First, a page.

Following the launch of Repair Biotechnologies, and since I'll be at the Life Extension Advocacy Foundation's one-day conference, Ending Age-Related Disease, this coming July in New York, I recently answered a few questions and offered a few opinions for the LEAF volunteers. That interview was published yesterday. Regular readers here at Fight Aging! are no doubt all too familiar with many of those opinions already, since I'm not exactly what one might call reticent about putting them forward, but it never hurts to check.
Thanks to the efforts of many advocates, yours included, public perception of rejuvenation is also shifting. How close do you think we are to widespread acceptance?
I don't think acceptance matters - that might be the wrong term to focus on here. Acceptance will occur when the therapies are in the clinic. People will use them, and everyone will conveniently forget all the objections voiced. The most important thing is not acceptance but rather material support for development of therapies. The help of only a tiny fraction of the population is needed to fund the necessary research to a point of self-sustained development, and that is the important thing. Create beneficial change, and people will accept it. Yet you cannot just go and ask a few people. Persuading many people is necessary because that is the path to obtaining the material support of the necessary few: people do not donate their time and funds to unpopular or unknown causes; rather, they tend to follow their social groups.
Presently, rejuvenation is a relatively unknown topic; people who say they're against this technology probably don't think it's a concrete possibility anyway. However, as more important milestones will be reached - for example, robust mouse rejuvenation - this might change. Do you think that these milestones will result in opponents changing their attitudes or becoming more entrenched?
Opposition to human rejuvenation therapies is almost entirely irrational; either (a) it's a dismissal of an unfamiliar topic based on the heuristic that 95% of unfamiliar topics turn out to be not worth the effort when investigated further, or (b) it's a rejection of anything that might result in sizable change in personal opinion, life, and plans, such as the acceptance of aging and death that people have struggled to attain. This sort of opposition isn't based on an engagement with facts, so I think a sizable proportion of these folk will keep on being irrational in the face of just about any scientific advance or other new factual presentation short of their physicians prescribing rejuvenation therapies to treat one or more of their current symptoms of aging.
On the other hand, there will be steady progress in winning people over in the sense of supporting rejuvenation in the same sense as supporting cancer research: they know nothing much about the details, but they know that near everyone supports cancer research, and cancer is generally agreed to be a bad thing, so they go along. Achieving this change is a bootstrapping progress of persuading opinion makers and broadcasters, people who are nodes in the network of society. Here, milestones and facts are much more helpful.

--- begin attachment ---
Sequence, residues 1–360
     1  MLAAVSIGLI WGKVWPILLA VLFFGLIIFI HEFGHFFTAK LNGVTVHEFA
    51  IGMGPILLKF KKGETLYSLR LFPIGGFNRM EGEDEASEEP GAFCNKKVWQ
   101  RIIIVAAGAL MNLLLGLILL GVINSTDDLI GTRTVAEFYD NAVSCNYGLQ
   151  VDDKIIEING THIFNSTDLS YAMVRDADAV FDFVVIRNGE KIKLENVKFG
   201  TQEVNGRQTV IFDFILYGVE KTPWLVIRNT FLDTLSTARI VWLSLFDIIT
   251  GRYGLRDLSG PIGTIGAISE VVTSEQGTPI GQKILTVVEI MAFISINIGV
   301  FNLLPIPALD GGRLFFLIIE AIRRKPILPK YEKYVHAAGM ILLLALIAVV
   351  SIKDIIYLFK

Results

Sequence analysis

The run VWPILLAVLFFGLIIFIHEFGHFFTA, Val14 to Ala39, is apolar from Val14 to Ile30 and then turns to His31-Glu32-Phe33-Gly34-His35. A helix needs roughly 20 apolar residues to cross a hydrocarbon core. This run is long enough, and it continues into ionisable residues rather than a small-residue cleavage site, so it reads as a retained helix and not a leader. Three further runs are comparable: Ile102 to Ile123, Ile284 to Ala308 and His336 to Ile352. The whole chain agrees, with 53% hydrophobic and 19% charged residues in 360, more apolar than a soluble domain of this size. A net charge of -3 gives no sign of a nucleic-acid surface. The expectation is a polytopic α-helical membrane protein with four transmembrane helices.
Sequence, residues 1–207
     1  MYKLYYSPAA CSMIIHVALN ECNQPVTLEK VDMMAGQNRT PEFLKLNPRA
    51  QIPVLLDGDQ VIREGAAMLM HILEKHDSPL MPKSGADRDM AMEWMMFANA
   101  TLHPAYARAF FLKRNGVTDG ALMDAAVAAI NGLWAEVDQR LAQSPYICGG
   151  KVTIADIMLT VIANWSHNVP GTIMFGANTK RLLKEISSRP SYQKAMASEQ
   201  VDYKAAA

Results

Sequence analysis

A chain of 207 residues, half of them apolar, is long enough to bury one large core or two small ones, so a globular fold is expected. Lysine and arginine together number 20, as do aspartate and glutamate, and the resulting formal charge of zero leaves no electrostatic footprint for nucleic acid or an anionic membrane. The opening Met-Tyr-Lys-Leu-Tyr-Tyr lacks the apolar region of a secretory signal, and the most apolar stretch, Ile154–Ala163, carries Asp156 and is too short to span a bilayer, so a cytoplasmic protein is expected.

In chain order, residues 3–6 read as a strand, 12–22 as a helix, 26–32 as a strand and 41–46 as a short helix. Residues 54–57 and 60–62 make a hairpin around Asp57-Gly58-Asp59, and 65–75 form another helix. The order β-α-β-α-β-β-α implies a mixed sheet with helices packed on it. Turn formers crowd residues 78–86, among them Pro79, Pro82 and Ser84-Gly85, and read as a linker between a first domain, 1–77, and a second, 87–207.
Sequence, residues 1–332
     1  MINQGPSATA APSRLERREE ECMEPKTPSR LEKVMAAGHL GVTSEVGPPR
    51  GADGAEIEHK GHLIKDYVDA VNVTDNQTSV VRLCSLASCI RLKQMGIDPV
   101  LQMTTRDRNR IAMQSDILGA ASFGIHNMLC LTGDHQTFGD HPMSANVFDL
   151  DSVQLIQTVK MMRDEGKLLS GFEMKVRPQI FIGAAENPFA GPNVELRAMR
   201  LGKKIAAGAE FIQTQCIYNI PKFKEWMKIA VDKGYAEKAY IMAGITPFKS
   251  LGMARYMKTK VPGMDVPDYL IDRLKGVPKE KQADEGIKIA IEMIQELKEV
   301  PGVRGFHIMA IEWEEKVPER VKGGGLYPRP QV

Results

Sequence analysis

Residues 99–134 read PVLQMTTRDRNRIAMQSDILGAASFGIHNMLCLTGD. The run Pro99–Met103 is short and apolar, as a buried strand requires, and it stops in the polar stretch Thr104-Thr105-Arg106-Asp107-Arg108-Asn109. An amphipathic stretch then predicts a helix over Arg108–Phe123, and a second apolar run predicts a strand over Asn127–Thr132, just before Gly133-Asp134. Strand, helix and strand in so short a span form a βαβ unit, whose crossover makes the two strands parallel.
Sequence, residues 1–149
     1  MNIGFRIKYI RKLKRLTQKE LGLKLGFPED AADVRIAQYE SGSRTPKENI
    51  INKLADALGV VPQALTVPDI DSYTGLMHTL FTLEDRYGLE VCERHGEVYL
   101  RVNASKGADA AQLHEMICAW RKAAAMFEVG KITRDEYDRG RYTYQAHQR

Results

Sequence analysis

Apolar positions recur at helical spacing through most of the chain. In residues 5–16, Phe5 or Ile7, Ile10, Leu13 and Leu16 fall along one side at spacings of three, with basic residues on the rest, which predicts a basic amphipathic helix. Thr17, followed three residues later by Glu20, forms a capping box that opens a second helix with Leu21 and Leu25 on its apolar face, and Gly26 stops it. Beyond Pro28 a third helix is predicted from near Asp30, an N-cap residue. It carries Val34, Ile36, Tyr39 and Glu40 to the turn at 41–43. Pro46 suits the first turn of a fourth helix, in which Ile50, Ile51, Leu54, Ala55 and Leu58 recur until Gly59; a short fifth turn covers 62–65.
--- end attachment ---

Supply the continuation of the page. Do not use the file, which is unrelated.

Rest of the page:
After years of financially supporting other rejuvenation startups, you're now launching your own company focused on gene therapies relevant to rejuvenation. Your company's first objective is thymic regeneration. Why do you think the thymus is the ideal initial target for your work?
It is a very straightforward goal, with a lot of supporting evidence from the past few decades of research. It think it is important to set forth at the outset with something simple, direct, and focused, insofar as any biotechnology project can be said to have those attributes. This is a part of the SENS rejuvenation research agenda in the sense of cell atrophy: the core problem is loss of active thymic tissue, which leads to loss of T cell production and, consequently, immunodeficiency. However, the immune system is so core to the health of the individual that any form of restoration can beneficially affect a great many other systems. The many facets of the immune system don't just kill off invading pathogens; they are also responsible for destroying problem cells (cancers, senescent cells), and they participate in tissue maintenance and function in many ways.
If your aim is to raise or lower expression of a specific protein, and you don't already have a small molecule that does pretty much what you want it to do without horrible side-effects, then you can pay $1-2M for a shot at finding a starting point in the standard drug discovery databases. That frequently doesn't work, the odds of success are essentially unknown for any specific case, and the starting point then needs to be refined at further cost and odds of failure. This is, for example, the major sticking point for anyone wanting to build a small-molecule glucosepane breaker - the price of even starting to roll the dice is high, much larger than the funding any usual startup crew can obtain.
On the other hand, assuming you are working with a cell population that can be transduced by a gene therapy to a large enough degree to produce material effects, then $1-2M will fairly reliably get you all the way from the stage of two people in a room with an idea to the stage of having animal data sufficient enough to start the FDA approval process.